Two nights ago, our children from Bethesda were visiting, and we had a party with a few friends. I had just come back from visiting my sister, who was appalled that I didn’t have an iPhone, and didn’t text. We were talking about the pros and cons of iPhones, when one of our guests, a man of bottomless curiosity, asked what the name Bethesda meant. “It’s in the Bible,” he said, looking meaningfully at me as if that meant I should know the name. “Well,” I said, “I have read that book any number of times, but I can’t remember everything.” So he whipped out his iPhone and looked it up.
This is what he found on Wikipedia under Pool of Bethesda: “The name of the pool is said to be derived from the Hebrew language and/or Aramaic language. beth hesda (בית חסד/חסדא), meaning either house of mercy or house of grace. In both Hebrew and Aramaic the word could also mean ‘shame, disgrace’. This dual meaning may have been thought appropriate since the location was seen as a place of disgrace due to the presence of invalids, and a place of grace, due to the granting of healing.”
I hadn’t really cared about the name, but this grabbed my attention. It brought home to me how ancient the twinning of shame and illness is. And even though we are modern people who believe that we no longer “blame the victim,” both for those who are sick and for others around them, I think shame still plays a potent role in our experience of illness.
In my own experience of illness, I often find that along with the pain and fatigue comes the vinegary presence of a lingering guilt. I may tell myself it isn’t my fault that I am sick, but I feel as if it is. I wonder how much of that conditioning goes back for hundreds of generations, when sin and sickness were seen as one and the same? Or is it the American belief that we can do anything if we try hard enough, which makes failing at wellness such a trial? No one wants to be a burden to others, no one wants to fall behind. When you are sick, though, it becomes hard to feel you are contributing or participating in the life around you. To be an invalid is all too often to be in-valid.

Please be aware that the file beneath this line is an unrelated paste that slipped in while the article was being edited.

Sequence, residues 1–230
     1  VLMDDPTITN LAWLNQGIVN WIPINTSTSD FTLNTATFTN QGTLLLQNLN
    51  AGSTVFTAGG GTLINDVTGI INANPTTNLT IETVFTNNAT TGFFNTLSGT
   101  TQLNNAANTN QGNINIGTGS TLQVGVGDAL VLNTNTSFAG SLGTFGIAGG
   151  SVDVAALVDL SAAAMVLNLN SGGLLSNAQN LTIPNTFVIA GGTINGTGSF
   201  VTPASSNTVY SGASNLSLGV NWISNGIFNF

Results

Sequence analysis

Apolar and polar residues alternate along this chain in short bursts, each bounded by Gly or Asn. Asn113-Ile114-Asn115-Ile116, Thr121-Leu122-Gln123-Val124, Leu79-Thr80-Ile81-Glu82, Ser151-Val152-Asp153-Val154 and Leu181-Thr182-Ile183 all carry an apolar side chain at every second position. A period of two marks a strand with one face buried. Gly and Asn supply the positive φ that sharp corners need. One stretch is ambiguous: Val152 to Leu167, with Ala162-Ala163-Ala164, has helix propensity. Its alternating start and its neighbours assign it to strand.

As for how others respond to sickness, I think as a society we find chronic illness in particular, unacceptable. We don’t have mechanisms to cope with it. Fear probably plays into this, as it did for the leprosy patients at Carville, Louisiana who were taken from their homes and deprived of family and name, so that the remaining families would not be burned in their homes or run out of town. Leprosy, in America even in the twentieth century, was seen as the fault of ill. Today, we use fighting metaphors for cancer, and yet what about the person who doesn’t “win” against cancer? Is it because they didn’t fight hard enough? We tend to turn our backs on people who aren’t winners. It is too painful for us.
Here is the first stanza of a poem I wrote recently.
What do the healthy
have to do with the ill?
Why would they want
to hear the news–
that the body is fragile
and we live at its will?
But what about grace? What about healing? What about the image of healing waters?
John O’Donohue has written that when we are in our deepest suffering, that we should offer ourselves the oil of compassion, because we are experiencing the most essential aspect of being human. It is suffering, he says, which allows us to truly connect to others. Yet, how hard this is to do! How much easier to blame ourselves, and to struggle against our circumstances. How hard to sit with what is, and look for the blessings there.
Kat Duff, in her wonderful book, The Alchemy of Illness, which I read at the worst stage of my illness, doesn’t see illness as the enemy to be struggled against, but as part of the human experience which offers opportunities for spiritual growth. I have found that in my own life, while I wouldn’t wish this illness on anyone, it has brought me many gifts as well. Healing, it seems, is not just for the body, but for the soul as well. I have seen in the cancer patients that I’ve worked with great healing as they jettison a lot of unneeded baggage, and find their true voices.
I love the image of healing waters, of being suspended in them, of washing away all that burdens you, both physically and spiritually. Water is receptive and holding, cleansing and renewing. Here is a photo of the pool of Bethesda.
Our children left today to go back to Bethesda, which I hope will be a place of grace for them. Richard left with his iPhone. I’m taking my iPhoneless self for a swim.